Communities mourning a couple full of promise
By Beth Quimby
and Gillian Graham
PORTLAND PRESS HERALD | January 01,2013
Derrick Thompson and Alivia Welch called themselves married on their Facebook pages.
BIDDEFORD, Maine — The love Derrick Thompson and Alivia Welch held for each other was evident to all who knew them.
They were both happy people who embraced life and would do anything for anybody, their friends said Sunday, a day after they were slain in their Biddeford apartment.
They referred to themselves as married on their Facebook pages, even though they were not.
“They clicked together pretty good,” said Brian L’Heureux, a friend of Thompson’s. “He really did love her.”
Thompson, 19, worked as an auto detailer for Real Clean, a company that provides cleaning services for Patriot Subaru in Saco.
He graduated from Biddeford High School in 2011. Welch, 18, graduated last June from Thornton Academy in Saco and worked at Aroma Joe’s in Biddeford.
She was studying nursing at Southern Maine Community College. They had dated since at least last spring.
Welch, who was called Liv by friends, had been staying with Thompson and his mother, Susan Johnson, at their 17 Sokokis Road apartment for the past month.
“She was a wonderful student and such a sweet person when I had her in class. My heart goes out to her family,” said Misharra Hefler, Welch’s English teacher at Thornton Academy.
Rene Menard, Thorton headmaster, said the academy’s students, staff and alumni are grieving over the tragic and senseless loss
Welch was a cheerleader in her freshman year and on the staff of the student publication, Carpe Diem, in her sophomore year. She took college prep and honors courses in order to study nursing in college.
“All of the deans and guidance counselors who worked with Alivia recall her as a bright student with a sweet disposition who was kind and well-liked by her peers. Our hearts go out to members of her family and all of her friends. A loss like this is felt across the entire community,” Menard said.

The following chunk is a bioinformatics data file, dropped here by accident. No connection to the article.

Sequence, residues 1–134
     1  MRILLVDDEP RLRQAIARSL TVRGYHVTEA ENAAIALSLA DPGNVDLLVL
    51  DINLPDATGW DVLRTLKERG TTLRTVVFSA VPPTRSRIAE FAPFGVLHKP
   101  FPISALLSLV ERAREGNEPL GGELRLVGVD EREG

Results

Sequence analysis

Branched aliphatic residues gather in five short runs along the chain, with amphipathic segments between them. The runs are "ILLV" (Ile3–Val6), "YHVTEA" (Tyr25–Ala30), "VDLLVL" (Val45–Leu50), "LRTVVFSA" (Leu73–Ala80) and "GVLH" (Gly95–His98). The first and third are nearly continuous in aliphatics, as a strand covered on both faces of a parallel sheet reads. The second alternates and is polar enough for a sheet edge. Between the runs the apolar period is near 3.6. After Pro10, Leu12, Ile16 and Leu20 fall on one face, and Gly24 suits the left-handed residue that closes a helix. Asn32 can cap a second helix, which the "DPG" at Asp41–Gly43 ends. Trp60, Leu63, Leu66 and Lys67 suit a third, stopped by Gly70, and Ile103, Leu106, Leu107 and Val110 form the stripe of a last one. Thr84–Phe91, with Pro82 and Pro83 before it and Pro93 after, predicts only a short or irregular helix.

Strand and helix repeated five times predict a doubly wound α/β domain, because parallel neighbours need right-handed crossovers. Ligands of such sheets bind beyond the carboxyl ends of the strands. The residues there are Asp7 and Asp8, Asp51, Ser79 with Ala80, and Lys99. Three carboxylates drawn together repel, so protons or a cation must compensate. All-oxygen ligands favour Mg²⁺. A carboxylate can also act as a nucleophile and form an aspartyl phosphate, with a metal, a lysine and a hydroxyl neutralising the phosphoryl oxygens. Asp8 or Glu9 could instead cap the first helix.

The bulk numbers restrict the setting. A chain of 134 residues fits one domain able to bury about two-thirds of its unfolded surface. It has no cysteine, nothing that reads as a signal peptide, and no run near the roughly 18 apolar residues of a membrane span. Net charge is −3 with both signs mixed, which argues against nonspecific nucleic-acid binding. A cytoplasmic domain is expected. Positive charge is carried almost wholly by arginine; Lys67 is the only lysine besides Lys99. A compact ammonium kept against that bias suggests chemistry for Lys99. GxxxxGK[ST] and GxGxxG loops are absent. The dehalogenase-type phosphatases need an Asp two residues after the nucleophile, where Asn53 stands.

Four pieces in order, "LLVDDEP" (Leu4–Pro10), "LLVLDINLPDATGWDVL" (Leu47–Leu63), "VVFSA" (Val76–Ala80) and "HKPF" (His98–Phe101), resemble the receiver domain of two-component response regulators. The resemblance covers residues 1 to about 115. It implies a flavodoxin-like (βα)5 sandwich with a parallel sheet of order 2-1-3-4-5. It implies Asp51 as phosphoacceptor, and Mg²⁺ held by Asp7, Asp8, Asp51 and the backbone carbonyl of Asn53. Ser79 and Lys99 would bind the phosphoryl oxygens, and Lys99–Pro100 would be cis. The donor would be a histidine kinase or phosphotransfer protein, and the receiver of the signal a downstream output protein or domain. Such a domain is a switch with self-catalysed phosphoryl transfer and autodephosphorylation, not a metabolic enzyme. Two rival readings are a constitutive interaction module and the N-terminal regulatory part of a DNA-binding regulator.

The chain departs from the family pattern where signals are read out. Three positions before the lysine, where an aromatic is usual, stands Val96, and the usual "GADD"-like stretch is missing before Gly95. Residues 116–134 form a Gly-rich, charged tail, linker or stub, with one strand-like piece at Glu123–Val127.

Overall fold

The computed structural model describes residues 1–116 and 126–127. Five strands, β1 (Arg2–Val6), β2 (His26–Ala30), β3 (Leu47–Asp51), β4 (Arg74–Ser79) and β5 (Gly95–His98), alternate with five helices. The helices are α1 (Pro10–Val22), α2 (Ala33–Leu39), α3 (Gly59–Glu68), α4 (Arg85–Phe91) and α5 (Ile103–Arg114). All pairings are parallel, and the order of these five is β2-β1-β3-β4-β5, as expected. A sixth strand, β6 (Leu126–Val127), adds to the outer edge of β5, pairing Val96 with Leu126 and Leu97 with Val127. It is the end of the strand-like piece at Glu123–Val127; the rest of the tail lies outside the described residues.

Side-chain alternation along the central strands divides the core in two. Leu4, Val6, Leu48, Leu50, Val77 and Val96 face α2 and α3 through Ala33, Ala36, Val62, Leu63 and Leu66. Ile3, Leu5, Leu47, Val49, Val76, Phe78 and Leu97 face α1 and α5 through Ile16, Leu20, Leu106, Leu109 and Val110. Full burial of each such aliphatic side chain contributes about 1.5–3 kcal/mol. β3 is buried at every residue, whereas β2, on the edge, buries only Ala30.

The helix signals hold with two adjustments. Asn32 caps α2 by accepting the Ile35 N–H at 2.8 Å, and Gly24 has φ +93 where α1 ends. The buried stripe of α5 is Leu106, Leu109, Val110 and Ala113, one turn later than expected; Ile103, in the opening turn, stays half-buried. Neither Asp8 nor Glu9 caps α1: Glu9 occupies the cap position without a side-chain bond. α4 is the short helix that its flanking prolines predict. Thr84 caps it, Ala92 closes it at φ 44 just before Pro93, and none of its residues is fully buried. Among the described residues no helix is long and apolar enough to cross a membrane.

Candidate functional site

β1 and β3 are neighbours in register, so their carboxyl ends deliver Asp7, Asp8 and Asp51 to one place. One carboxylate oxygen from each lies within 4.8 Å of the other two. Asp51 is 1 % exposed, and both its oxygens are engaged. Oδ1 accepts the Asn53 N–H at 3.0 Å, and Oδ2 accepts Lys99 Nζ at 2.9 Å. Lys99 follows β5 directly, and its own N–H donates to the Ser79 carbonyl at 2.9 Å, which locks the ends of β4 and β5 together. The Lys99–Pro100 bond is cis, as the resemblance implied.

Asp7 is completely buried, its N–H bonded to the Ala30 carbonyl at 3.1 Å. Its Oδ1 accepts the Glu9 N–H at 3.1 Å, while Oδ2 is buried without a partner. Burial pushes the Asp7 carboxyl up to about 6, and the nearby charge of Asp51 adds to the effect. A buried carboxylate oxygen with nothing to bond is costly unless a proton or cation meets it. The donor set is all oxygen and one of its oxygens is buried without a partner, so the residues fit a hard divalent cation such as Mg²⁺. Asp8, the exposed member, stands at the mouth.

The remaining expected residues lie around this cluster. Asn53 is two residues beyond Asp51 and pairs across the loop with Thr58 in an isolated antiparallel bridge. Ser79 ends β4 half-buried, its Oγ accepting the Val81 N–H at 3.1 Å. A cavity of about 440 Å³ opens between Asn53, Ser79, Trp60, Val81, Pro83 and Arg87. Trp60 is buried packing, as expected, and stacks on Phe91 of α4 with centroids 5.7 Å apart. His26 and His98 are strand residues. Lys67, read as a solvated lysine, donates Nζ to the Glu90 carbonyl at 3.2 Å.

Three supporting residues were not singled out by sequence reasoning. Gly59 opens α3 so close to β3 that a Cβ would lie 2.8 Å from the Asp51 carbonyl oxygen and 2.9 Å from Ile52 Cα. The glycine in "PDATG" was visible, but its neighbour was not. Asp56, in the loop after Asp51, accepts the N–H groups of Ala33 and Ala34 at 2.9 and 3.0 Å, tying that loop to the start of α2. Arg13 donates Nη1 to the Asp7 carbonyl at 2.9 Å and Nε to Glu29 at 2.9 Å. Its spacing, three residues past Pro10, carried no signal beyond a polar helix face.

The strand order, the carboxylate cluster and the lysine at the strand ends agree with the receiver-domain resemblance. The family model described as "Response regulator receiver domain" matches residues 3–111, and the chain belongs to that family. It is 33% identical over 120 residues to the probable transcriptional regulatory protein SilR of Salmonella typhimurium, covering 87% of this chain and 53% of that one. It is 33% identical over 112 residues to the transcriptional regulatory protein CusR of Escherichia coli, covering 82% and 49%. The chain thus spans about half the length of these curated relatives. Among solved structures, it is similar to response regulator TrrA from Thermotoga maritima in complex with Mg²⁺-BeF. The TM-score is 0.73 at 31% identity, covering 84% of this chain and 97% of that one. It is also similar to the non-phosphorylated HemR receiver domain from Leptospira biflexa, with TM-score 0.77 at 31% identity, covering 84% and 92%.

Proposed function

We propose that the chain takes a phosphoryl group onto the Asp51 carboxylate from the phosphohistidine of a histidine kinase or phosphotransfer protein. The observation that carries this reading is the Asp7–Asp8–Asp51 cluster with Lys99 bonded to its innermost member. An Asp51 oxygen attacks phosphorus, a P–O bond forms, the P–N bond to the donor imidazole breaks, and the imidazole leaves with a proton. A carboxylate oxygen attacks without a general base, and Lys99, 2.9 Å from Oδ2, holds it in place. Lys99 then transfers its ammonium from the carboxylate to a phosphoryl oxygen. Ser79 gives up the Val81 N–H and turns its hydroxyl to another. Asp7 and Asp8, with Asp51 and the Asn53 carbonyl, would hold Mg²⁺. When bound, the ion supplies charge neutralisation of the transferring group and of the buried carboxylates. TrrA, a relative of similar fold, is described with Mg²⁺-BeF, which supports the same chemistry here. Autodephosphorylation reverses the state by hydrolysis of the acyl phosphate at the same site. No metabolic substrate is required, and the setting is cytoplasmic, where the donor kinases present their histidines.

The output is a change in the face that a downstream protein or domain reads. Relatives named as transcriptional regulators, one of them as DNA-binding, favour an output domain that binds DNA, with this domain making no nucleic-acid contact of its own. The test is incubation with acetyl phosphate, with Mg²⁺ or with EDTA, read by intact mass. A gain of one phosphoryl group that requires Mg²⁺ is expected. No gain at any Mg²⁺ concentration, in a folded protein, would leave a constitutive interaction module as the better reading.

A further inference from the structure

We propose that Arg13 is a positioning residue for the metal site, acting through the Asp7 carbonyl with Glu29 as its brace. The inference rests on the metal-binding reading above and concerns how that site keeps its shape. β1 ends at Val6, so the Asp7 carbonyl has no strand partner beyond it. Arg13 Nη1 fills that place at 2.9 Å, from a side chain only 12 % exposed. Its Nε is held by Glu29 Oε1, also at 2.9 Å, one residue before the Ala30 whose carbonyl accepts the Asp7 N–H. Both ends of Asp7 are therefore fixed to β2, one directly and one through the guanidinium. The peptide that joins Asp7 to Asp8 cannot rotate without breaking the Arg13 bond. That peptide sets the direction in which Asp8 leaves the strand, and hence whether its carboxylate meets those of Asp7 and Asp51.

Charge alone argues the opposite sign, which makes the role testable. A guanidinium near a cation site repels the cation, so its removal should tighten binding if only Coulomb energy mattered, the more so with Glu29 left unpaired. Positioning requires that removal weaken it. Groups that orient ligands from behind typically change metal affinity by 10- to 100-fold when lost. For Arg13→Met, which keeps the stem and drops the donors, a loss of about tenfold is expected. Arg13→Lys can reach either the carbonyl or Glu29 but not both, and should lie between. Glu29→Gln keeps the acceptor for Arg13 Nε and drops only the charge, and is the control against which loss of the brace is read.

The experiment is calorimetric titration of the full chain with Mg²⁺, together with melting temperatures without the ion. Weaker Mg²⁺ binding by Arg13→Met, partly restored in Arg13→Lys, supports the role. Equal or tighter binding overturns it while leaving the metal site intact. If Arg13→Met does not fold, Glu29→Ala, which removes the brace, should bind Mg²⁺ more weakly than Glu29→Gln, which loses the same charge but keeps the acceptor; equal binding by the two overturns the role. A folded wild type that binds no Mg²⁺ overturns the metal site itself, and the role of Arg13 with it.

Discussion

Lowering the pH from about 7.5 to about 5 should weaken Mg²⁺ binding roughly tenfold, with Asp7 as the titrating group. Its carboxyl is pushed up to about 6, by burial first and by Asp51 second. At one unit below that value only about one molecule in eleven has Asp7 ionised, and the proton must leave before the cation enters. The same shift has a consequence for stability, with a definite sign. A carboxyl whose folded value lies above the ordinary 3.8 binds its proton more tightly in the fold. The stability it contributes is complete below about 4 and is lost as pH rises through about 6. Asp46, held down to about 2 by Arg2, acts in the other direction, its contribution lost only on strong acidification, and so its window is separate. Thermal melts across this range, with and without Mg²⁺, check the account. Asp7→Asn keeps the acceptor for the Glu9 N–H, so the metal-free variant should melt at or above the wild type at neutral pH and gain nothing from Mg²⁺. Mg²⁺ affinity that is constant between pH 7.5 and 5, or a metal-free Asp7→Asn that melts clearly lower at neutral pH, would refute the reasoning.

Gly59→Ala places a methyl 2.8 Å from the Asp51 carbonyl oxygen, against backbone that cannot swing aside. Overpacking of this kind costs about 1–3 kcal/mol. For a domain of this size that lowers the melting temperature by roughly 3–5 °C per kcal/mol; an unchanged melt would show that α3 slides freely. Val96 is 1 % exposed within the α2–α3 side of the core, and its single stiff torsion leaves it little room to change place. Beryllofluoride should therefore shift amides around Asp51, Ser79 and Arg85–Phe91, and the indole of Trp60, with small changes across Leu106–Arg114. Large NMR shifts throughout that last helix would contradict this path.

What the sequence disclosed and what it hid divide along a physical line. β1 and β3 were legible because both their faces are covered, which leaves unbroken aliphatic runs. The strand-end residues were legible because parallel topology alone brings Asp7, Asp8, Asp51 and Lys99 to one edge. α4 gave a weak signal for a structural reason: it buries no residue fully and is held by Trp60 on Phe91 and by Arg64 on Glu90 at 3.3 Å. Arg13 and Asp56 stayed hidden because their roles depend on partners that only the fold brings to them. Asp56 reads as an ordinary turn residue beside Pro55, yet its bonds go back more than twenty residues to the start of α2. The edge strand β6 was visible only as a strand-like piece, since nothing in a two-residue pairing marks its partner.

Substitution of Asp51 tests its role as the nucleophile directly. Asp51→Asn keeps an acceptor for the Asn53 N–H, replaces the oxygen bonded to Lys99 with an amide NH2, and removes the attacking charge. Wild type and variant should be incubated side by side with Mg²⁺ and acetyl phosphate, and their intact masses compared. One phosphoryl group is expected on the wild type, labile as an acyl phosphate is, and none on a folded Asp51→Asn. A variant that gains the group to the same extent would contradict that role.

L’Heureux, who met Thompson through their shared interest in trucks, said Thompson was passionate about life and fixing up trucks. He was especially fond of modifying trucks so that they sit lower to the ground, like his black GMC with the vanity plate “Slamed,” referring to a car being “slammed” to the ground.
“Anything that was slammed to the ground was his favorite truck,” L’Heureux said. “He loved any truck that was lowered, that was what he was about.”
Thompson didn’t hold grudges, L’Heureux said.
“It didn’t matter who you were, he was always friends with you. Nothing really brought him down,” he said. “(Welch) was pretty much just like him. She was really happy, she didn’t have problems with anyone.”
Ryan Fecteau, who attended high school with Thompson, said Thompson “very rarely would be seen without a smile on his face.”
Friends who posted on Thompson’s Facebook page on Sunday recalled “Walmart adventures,” long car rides and his love of burning tires. “When the snow melts, your burnouts on my road will still be there,” posted one friend, Nate Libby.
Other friends posted comments describing Thompson and Welch as a beautiful couple.
Patriot Subaru released a statement Sunday saying company employees were “shocked and deeply saddened” by the murders.
“Derrick had worked on and off with Patriot, and was close to a number of the associates,” the statement said. “Our sincerest condolences to the families involved, we are grieving for your loss.”